At the tender age of 10, the young Frantz displayed an incredible potential for painting: his instinct for colour and their importance in capturing emotion and the human experience was evident. In 1877, during an exhibition in Ghent, the young Charlet presented an exceptional still life which had critics soon throwing around the word prodigy.

Portaëls, the director of the School of Fine Arts in Brussels, nurtured Frantz Charlet's talent during these early year. After two years of close mentoring, Portaëls suggested Charlet went to Paris in order to develop his talent with the great masters of painting. It was there that Jules Lefebvre, Carolus Duran and later Jean-Léon Gérôme all guided and inspired Charlet.

Somehow, in Paris, Charlet realised his calling was Asia and Africa, he wanted to capture these exotics lands and its people.

His voyage began in southern Spain, where he studied the light and architectural forms of the country. Then it was on to Morocco, where he joined his friend Theodore Van Rysselberghe near Tangier in Ras el Ma, the capital of the Rif. Charlet stayed there for eight months during 1883.

During his time in Morocco, Charlet spent a lot of time with the Rifians, Baerber ethnic group in northern Morocco who  mainly live the mountains and plains of the central and eastern part of the mountain range of the Rif, along the Mediterranean coast. The Rifians would serve as models for his works on Morocco.

Back in France, Charlet and Van Rysselberghe travelled to Nice with around thirty paintings that caught the eye an art collector called Lambert. Amazed by the exceptional quality of the works, Lambert bought a dozen paintings. With money in his pocket, Charlet returned to Brussels with his family.

In Brussels, he remained a prominent part of the art world. In 1883 he organised an exhibition at the Palais des Beaux-Arts in Brussels, where he presented a dozen oriental paintings. His remarkable works enthralled both critics and the public.

Despite his successes in Europe, Charlet longed for the blue skies of Morocco. In December of 1883, accompanied by his faithful friend Van Rysselberghe, he returned to Morocco. They bought a small house in Ras al Ma, right next to a workshop of spinners, where for two years, Charlet essentially devoted himself to painting characters from their daily lives. His servants and neighbours served as his models. The workshop of spinners influenced a large-scale work that Charlet exhibited in 1885 in Brussels in an exhibition dedicated to his works focusing on Morocco.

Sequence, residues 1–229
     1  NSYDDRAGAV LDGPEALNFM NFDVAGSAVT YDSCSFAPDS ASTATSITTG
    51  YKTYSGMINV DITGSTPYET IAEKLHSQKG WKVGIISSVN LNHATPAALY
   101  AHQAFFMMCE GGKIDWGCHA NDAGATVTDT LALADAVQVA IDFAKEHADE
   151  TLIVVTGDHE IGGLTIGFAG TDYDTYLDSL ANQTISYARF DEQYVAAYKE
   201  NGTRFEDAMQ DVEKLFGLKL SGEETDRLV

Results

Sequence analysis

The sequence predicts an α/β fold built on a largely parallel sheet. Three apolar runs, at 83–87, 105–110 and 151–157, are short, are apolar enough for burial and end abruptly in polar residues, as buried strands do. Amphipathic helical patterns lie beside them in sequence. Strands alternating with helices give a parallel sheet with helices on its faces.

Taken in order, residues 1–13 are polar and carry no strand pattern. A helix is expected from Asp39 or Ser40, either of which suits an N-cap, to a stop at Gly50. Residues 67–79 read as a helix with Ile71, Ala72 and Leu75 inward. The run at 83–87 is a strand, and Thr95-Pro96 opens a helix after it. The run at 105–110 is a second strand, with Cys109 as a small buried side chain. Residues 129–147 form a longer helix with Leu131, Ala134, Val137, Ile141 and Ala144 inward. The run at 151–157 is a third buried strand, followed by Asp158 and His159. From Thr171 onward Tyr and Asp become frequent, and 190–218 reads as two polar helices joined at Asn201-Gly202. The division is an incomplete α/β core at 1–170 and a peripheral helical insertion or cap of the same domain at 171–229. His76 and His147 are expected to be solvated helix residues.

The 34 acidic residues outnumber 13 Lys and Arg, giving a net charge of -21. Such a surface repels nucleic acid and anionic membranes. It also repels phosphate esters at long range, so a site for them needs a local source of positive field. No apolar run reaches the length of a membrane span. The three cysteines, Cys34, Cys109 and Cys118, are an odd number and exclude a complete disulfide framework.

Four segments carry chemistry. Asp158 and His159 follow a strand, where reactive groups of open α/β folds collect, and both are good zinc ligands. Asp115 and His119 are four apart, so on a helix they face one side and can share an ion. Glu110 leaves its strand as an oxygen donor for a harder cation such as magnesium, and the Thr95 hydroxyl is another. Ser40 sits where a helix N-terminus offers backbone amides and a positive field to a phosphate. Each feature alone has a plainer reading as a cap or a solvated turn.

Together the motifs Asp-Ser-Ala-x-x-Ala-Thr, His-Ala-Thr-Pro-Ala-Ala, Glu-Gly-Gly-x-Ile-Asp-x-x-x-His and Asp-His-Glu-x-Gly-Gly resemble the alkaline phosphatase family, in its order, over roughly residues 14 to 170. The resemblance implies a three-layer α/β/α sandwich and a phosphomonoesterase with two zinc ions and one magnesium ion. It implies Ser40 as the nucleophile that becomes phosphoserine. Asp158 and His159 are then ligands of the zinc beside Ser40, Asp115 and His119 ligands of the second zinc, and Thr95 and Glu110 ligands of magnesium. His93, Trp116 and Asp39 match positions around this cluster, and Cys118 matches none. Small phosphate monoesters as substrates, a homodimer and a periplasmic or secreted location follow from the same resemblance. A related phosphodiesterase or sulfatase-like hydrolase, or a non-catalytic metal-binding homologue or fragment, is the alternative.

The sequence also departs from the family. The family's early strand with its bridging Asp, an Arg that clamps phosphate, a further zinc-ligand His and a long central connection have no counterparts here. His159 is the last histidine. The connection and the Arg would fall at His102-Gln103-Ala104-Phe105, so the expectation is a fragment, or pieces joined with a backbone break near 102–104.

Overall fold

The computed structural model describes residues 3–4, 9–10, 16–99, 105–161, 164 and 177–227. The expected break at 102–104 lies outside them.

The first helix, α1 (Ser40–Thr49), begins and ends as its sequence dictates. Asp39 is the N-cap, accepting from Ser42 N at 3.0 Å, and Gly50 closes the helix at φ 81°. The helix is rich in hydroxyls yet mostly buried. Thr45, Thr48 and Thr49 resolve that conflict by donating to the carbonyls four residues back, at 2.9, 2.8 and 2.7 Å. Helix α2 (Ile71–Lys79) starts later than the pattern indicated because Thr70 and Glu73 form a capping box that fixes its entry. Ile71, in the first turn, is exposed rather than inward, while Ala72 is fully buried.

Une partie de dama, Oil on panel, signed and dated 1891 bottom left, 56 x 76 cm Une partie de dama, Oil on panel, signed and dated 1891 bottom left, 56 x 76 cm

This magnificent painting by Frantz Charlet was made during his second stay in Morocco. The seven children in the painting are playing a game entitled The Dama, inspired by the Spanish drafts. The traditional hairstyle of the children of the Rif is perfectly captured. The shaved skull with a strand of hair in the centre of the skull, is a tradition that dates from ancient Egypt. This ancient style for young boys aims to fight against evil and the evil eye. The young boys sit on the floor on a traditional carpet or kilim, a kind of wool carpet, hand-woven and with motifs specific to the region. In northern Morocco, the Berber carpet is often decorated with lozenges, triangles and fringes, such as that which is depicted in this painting. In this work, Frantz Charlet captures his daily life in Morocco.

In 1890, Charlet settled permanently in Brussels and devoted himself to painting the landscapes and marines of his country. His works which adopted lighter colours in order to capture the sea was, in no doubt, a precursor for the French Impressionist painters.

An active member of the Belgian artistic community, Charlet founded the society of the XX in 1882 with James Ensor and Van Rysselberghe, and in 1903 he was made a member of the National Society of Fine Arts. Finally, in 1906 he was a founding member, along with Gaston La Touche, of the International Society of Water Paintings.

Jacques Majorelle, Market in Marrakech, Oil on canvas signed and situed Marrakech lower right, 28.74 x 23.62 inch Jacques Majorelle, Market in Marrakech, Oil on canvas signed and situed Marrakech lower right, 28.74 x 23.62 inch

Screen Shot 2017-01-12 at 10.53.50 Frederick Arthur Bridgman (1847-1928) Fontaine devant la mosquée, Algérie. Oil on canvas signed and dated 1882 lower left 86 x 135 cm

Screen Shot 2017-01-12 at 10.53.40 Alfred De Dreux (1810-1860) Groom Soudanais sur son étalon blanc. Oil on canvas signed lower right 46 x 33 cm

Une partie de dama as well as these works by other Orientalists are currently in the collection of Gallery Ary Jan. Gallery Ary Jan specialises in French and European painting from the end of the 19th and the beginning of 20th centuries, particularly the Orientalist school and the Belle Epoque. From 21st-29th January, Gallery Ary Jan will be exhibited another collection of paintings at the BRAFA Art Fair. For more information, see here.

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